Star Valley Scuffins



Scones or muffins? Sometimes on Sunday morning with a hungry family ready for brunch, it’s a hard choice. This past Sunday, the best choice was BOTH.

4 cups whole wheat flour
2 teaspoons baking soda
1/2 teaspoon salt
2 teaspoons cinnamon
1/8 teaspoon ginger
1/4 teaspoon nutmeg
1 cup sugar
1 cup milk with 1 teaspoon apple cider vinegar (let sour for 5 minutes)
2/3 cup coconut oil
2 flax eggs (a total of 2 tablespoons flax seed meal mixed into 6 tablespoons water)
2 apples peeled and diced

Mix the flour, baking soda and spices.
In a separate bowl mix the milk, sugar, oil, and flax eggs.
Mix the dry ingredients into the wet.
Add in the apples.
Scoop the batter onto parchment paper or a greased pan (an ice cream scoop works well).
Sprinkle with cinnamon sugar.
Bake at 375 degrees for 12-15 minutes.

Makes 12-14 medium-sized scuffins





Sourdough Summer


This summer we’ve had an extra mouth to feed everywhere we’ve traveled throughout the Yucatán peninsula. It’s not all bad, though. This constant companion is silent, housebroken, and never whines or complains. And perhaps best of all, it makes a delectable pizza crust.


In an effort to improve our digestive health, we began our first sourdough starter almost three months ago, and our kitchen has never been the same. After looking through several online directions, we settled on the tips provided by King Arthur Flour (given our Vermont roots, we’re probably a bit biased). All you really need is a dedicated container with a lid (most people use glass, but we already had a plastic jar) and a steady supply of whole grain flour. One cup whole wheat flour and a half cup water gets things started. Then every day we “feed” the starter in the same way, one cup flour and a half cup water.


One part of the instructions did make us feel uneasy, though. Once a day, you need to remove half of the starter before you feed it. Many people just compost or throw out the discard, but that felt pretty wasteful. Fortunately, there are a wealth of recipes available to turn the cast-off starter into everything from muffins and pretzels to biscuits and pancakes. Basically, every time we feed the starter we use whatever we take out in a recipe. It is a bit of a commitment, but it helps to know we always have the option to stick the starter in the fridge and just feed it once a week instead.


For the moment at least, our sourdough starter is making its way into at least one baked good every day. Our favorite recipe, which we find to be the most versatile, is a flatbread recipe from King Arthur. We use just the flatbread (not the topping or filling) part, minus the dry milk. The recipe makes a tasty bread for sandwiches, and also serves as a spectacular pizza crust!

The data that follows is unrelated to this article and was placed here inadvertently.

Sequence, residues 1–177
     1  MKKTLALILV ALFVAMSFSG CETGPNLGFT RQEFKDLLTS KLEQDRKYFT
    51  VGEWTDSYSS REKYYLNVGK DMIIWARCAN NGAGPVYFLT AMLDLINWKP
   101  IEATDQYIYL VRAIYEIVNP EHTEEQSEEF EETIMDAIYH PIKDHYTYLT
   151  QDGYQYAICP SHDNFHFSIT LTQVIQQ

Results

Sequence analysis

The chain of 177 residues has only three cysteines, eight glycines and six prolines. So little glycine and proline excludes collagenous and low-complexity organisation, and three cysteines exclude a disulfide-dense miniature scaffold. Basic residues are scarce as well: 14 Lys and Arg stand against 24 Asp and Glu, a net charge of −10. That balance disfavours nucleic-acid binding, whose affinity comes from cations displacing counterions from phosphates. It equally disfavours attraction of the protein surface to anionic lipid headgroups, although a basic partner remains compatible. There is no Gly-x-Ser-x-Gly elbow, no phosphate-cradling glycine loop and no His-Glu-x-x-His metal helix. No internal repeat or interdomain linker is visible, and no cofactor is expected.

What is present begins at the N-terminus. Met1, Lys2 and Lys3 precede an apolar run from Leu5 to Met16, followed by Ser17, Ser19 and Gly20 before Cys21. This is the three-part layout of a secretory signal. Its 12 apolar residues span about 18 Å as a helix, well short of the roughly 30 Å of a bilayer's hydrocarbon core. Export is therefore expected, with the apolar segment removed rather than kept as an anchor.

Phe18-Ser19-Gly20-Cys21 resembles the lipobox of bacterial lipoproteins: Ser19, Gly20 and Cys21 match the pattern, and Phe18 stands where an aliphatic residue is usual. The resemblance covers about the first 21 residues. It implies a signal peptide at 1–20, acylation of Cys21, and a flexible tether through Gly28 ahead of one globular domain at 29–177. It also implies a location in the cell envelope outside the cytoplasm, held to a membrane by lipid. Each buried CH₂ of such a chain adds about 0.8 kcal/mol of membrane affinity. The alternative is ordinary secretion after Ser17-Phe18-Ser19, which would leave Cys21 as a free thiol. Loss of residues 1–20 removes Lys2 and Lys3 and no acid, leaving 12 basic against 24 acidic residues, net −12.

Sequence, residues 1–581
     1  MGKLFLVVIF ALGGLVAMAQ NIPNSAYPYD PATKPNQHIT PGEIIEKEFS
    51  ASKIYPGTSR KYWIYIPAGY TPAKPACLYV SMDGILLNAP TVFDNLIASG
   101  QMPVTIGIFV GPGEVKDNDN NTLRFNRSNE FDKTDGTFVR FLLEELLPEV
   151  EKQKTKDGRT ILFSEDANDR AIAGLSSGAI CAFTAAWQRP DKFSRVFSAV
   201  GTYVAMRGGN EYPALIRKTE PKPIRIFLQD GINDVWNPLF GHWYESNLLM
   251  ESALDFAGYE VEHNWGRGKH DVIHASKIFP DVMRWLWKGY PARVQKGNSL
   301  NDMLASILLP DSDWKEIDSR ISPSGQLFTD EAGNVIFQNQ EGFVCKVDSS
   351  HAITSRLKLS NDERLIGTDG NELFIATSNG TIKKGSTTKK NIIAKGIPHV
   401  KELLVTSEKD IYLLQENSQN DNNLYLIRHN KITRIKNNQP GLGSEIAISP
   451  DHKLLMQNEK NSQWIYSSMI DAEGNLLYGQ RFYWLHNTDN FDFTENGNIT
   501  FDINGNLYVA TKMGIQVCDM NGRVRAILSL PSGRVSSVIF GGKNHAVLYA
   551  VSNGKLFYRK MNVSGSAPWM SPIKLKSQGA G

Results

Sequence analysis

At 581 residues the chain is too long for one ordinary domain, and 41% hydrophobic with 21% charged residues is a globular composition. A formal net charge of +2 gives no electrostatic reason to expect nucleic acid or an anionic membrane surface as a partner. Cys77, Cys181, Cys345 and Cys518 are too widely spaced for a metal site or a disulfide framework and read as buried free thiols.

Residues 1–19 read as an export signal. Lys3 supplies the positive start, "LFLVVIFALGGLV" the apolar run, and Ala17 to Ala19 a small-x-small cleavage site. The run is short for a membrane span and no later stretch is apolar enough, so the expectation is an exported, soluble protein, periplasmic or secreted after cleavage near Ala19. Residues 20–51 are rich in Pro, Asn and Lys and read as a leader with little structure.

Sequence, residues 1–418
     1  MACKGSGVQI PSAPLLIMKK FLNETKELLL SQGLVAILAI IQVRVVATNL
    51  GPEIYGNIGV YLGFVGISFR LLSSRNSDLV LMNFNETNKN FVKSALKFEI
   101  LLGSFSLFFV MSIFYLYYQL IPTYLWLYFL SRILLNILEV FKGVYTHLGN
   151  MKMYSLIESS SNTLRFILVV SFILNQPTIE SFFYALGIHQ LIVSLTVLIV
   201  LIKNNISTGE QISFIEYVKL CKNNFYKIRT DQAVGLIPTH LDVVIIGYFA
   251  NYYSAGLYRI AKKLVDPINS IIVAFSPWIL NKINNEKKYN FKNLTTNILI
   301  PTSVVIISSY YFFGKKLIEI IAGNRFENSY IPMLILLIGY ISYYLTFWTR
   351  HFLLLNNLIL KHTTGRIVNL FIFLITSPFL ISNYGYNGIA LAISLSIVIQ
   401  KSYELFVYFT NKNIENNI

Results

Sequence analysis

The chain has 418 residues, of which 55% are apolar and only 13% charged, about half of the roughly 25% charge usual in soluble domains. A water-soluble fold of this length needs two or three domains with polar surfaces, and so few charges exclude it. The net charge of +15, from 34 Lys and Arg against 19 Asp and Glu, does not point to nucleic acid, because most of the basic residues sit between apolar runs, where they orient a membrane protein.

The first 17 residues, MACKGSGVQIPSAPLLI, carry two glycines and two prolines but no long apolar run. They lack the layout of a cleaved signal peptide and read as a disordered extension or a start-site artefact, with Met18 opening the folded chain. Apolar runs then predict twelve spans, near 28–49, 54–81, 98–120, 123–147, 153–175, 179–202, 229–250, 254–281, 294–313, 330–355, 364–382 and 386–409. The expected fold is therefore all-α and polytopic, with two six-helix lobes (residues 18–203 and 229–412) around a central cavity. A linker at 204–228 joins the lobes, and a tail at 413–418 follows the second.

With fall around the corner, our sourdough summer shows no signs of letting up. While the exact starter we are using at the moment won’t be leaving Cozumel, part of our new ritual upon moving into a rental will undoubtedly now include beginning a new one. Six mouths to feed is really not that bad in the end, especially when one helps to feed the others 🙂


When It’s Too Hot for Oatmeal…There’s Mérida Muesli

We are an oatmeal family. Just about every morning, we grind up oats and make an oatmeal on the stove top. However, during the summertime, especially here in the heat and humidity of Mérida, oatmeal doesn’t always seem so appealing. Five Spice tinkered with a few different creations to come up with a refreshing solution: Mérida Muesli.

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The Recipe

4 cups oats, slightly processed in a food processor
1/2 cup toasted amaranth
3/4 cups almonds and pecans, processed
1/4 cup ground coconut
1/4 cup chopped dried cranberries
2 tablespoons sunflower seeds, processed
2 tablespoons pumpkin seeds, processed
1 tablespoon sesame seeds
1/2 teaspoon sea salt
1 teaspoon cinnamon
1/2 tablespoon vanilla
1/2 cup sweeter (we use a mix of agave and piloncillo syrups)
3 tablespoons coconut oil

Mix all the dry ingrendients together, then stir in the wet ingredients.
Thinly spread the muesli onto a greased baking sheet.
Bake in the oven for 20 minutes at 325 degrees, stirring half way through.
Note: We process many of the ingredients in the food processor to make it more kid-friendly. Skipping the processing can make a heartier muesli more appealing to adults.

 ¡Buen provecho!

Two Minute Treats

Our family is really spoiled when it comes to baked goods. I love to bake and being vegan and having a child with food allergies, I find it easier to make all of our own breads, muffins, cookies, etc. However, for some reason we booked a rental house for a month that doesn’t have an oven (everyone is blaming Dad for this slip-up). I think that maybe at the time we figured that we have camped for long periods without an oven and survived. The only problem being that here in Mexico it isn’t so easy to find vegan and allergy friendly food. There are many bakeries (panaderias) but most every item contains milk or butter, and if not then it is usually always topped with an egg glaze. The more traditional supermarkets offer sandwich bread and a huge assortment of cookies (galletas) but again these either contain animal products or high fructose corn syrup, and often food dyes.